Instead of continuing that unhealthy self-talk (which is fueled by your stinking thinking), perhaps you could learn to use positive affirmations and visualizations, focusing on how good your life can be once you stop the addiction and deal with your issues. Rather than telling yourself what a "loser" you are or how "stupid" you have been for becoming addicted to the behavior in the first place (does that kind of self-talk sound familiar?), you could begin to imagine having the courage to change the things you are able to change about yourself.

Or maybe you are already in recovery from addiction but things don't seem to be going as well as you'd like. Once again, it will be important to check your thinking ~ are your thoughts coming mostly from a fear-based place that has its roots in your old history? Could you be telling yourself that you don't deserve a better life, or thinking that recovery will always be a struggle? If so, it will be necessary for you to bring your thinking into present time. When things seem difficult for me, I find the affirmation "Just for today, my needs are met" to be very helpful. Can you think of other tools you could use to give yourself some serenity and positive thoughts?

Developing an Attitude of Gratitude

One way to begin is to become more grateful for what you have in your life. The idea of gratitude is often the chosen topic in recovery meetings and is a very important and useful tool in getting our lives back on track. Learning to see your life challenges as opportunities for positive growth, as opposed to punishments for being a "bad" person, will completely change your outlook on a great many situations.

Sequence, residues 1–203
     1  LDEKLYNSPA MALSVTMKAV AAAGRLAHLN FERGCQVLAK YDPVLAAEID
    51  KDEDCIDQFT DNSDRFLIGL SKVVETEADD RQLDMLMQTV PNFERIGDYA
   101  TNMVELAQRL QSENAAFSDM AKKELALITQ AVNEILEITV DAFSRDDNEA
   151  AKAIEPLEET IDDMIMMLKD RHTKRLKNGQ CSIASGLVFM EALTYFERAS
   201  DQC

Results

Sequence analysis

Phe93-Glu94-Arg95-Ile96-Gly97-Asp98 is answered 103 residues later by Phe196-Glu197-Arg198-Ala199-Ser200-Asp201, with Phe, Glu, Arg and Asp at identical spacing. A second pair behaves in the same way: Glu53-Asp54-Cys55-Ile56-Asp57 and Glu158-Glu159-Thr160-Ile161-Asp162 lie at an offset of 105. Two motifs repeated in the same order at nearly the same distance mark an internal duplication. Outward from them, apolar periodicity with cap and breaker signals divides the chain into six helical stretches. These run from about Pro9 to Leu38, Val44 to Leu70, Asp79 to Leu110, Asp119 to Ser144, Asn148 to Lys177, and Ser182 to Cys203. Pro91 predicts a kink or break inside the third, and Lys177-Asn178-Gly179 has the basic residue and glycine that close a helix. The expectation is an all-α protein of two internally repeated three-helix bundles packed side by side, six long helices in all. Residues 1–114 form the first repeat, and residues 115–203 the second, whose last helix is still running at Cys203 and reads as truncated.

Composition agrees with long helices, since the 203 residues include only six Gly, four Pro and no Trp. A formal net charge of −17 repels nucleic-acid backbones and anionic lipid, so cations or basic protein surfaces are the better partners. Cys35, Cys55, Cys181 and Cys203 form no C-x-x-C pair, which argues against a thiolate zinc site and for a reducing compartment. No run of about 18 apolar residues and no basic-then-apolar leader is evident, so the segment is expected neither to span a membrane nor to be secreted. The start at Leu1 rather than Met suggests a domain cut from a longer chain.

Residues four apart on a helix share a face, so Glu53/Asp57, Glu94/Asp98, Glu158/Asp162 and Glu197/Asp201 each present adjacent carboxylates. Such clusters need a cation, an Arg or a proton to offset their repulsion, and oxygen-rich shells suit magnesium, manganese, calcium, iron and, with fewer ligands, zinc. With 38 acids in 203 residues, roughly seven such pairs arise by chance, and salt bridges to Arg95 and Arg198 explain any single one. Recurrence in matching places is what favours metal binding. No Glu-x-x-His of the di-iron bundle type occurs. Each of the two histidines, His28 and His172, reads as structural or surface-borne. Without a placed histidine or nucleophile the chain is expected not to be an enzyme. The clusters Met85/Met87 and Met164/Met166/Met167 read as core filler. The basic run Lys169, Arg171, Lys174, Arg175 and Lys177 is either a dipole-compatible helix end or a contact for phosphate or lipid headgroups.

If you wish, you could keep a Gratitude Journal. There are two ways to do this: in the evenings, make a list of 5-10 things you were grateful for that day. On some days, the items on your lists might be the same and on other days they might be different but it doesn't matter as long as you're honest about what you write. If you know you will need to come up with 5-10 positive things about your day, you will begin looking for them and focusing on the good things that happened to you instead of consistently dwelling on the negative.

The second way is to keep your journal by your bedside and write your list first thing in the morning upon awakening. Doing this helps put a positive spin on the day from the very beginning, which can set the tone for the entire day. Either way is fine, and of course you could decide to combine the two lists if you'd like to give yourself an even bigger hit of optimism!

If your tendency is toward negativity, complaining, and your own personal brand of stinking thinking, becoming aware of your thoughts and making the conscious decision to adjust them could be the very tool you've been seeking. Try it for a few days and see if any changes happen for the better in your life.

I wish all of you the best in making your recovery from addiction more enjoyable, one day at a time.

Author's Bio: 

Candace Plattor graduated from the Adler School of Professional Psychology with a Masters degree (M.A.) in Counseling Psychology, in 2001. For over 20 years in her private practice, she’s been helping clients and their loved ones understand their addictive behaviors and make healthier life choices.

Ms. Plattor’s award winning book Loving an Addict, Loving Yourself: The Top 10 Survival Tips for Loving Someone with an Addiction is available through her website. Please visit www.candaceplattor.com for more information.